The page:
[Posters for contemporary stagings of the play in Mexico]
What are the ethics involved in killing an oppressive leader? This is a particularly pressing issue in the Arab world today, but philosophers and writers have struggled with the question for centuries. Lope de Vega’s 1619 play Fuenteovejuna is a classic of Spanish Golden Age theatre devoted to this problem, chronicling a violent populist uprising against a brutal tyrant.
Based on a real historical episode, the play centers on the fate of corrupt Commander Guzman of the crusading Order of Calatrava, who in 1476 is waging a war of succession against Spain’s “Catholic Monarchs,” Fernando and Isabel of Castile and Aragon. As the play begins, the Commander is planning the conquest of Ciudad Real, along Castile’s southern border near the Order’s headquarters. While preparing the attack, he stops in the mountain town of Fuenteovejuna. While there, the Commander and his men take a liking to several local women, rape one of them and attempt to take another, who makes it back to town badly beaten.
In retaliation, a group of the townsmen find and kill the Commander. After his death, Fernando and Isabel send a magistrate to the town to determine who is responsible. In the most memorable exchange of the play, the villagers meet his questions with a unified response:
“Who killed the Commander? Fuenteovejuna, Señor. Who is Fuenteovejuna? The whole town, Señor.” 
Even after the magistrate tortures men, women, and children, their answer remains the same. “Fuenteovejuna did it” is their refrain to the magistrate, and no single guilty party is ever found. This simple response is one of the most quoted in Spanish literature.
The play remains popular throughout the Spanish-speaking world and beyond, and its strong theme of standing up to injustice lends itself to constant reinterpretation. Over the years the play has been viewed “as a fervent cry for monarchy, for democracy, for socialism, even for communism.”  Contemporary Mexican stagings of Fuenteovejuna (see posters above) have drawn parallels between the arbitrary violence shown by the Commander and the mounting death tallies of the war between Mexican drug cartels. A 2010 New York University production, put on in collaboration with a Chilean acting school, called the play’s message “a clarion call for revolution against human rights abuse in many parts of the world.”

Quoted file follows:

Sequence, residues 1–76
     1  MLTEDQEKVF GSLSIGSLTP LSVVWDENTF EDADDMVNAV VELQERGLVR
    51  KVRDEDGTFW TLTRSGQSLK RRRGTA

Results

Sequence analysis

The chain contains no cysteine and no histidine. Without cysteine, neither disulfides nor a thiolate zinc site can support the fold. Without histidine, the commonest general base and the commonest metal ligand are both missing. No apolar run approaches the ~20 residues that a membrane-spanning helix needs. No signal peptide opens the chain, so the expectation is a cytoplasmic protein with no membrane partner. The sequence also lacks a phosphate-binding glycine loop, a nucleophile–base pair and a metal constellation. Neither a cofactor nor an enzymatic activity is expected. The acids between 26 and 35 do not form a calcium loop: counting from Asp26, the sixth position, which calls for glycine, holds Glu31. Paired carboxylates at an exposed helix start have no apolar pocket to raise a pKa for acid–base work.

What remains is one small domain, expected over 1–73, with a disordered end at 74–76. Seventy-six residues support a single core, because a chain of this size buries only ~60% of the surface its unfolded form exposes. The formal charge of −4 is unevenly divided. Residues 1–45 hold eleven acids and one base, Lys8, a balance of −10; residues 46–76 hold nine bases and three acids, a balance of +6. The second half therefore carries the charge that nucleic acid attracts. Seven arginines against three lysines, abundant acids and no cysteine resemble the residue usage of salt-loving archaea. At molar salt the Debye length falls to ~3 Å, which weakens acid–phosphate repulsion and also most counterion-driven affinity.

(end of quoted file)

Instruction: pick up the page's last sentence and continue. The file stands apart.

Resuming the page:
But by glorifying the villagers for their courage against tyranny, the subtleties of the original can be obscured. Frustrating easy political interpretations, the play ends with Fernando and Isabel pardoning the villagers for their actions, on their way to the conquest of Granada from the Moors and sponsorship of Columbus’ voyage to the New World (all in 1492). This “reyes ex machina” conclusion may be a letdown to modern readers, but there is no real indication that the villagers saw themselves as participating in a radical political experiment. They just wanted a brutal local dictator replaced by benevolent monarchs, and they achieved their goals through brute force and deception.
Time will tell if the movements of the Arab Spring fall into a similar pattern of reprisal and conformity. Reading Fuenteovejuna today, it’s hard not to think of Muammar Gaddhafi’s bloodied and mutilated body, the anonymous mob of his assassins, and the motives which drove them to take their revenge on him. The comparison is not lost on the Spanish; one newspaper titled a recent story about Gaddhafi’s death: “¿Quién mató al Comendador?” 
 In Spanish: “¿Quién mató al Comendador? Fuenteovejuna, Señor. ¿Quién es Fuenteovejuna? Todo el pueblo, Señor.” Full Spanish text available here: http://mgarci.aas.duke.edu/cibertextos/VEGA-LD/FUENTEOVEJUNA/
 “The Politics of Lope’s Fuenteovejuna,” William R. Blue, Hispanic Review, Vol. 59, No. 3 (Summer, 1991)
Image credits: http://sanginescultura.wordpress.com/2011/08/09/festival-teatro-aureo-en-guanajuato/ and http://www.enkidumagazine.com/art/2011/010611/a_0106_008_fuenteovejuna_juliana_faesler_rescate_de_la_conciencia.htm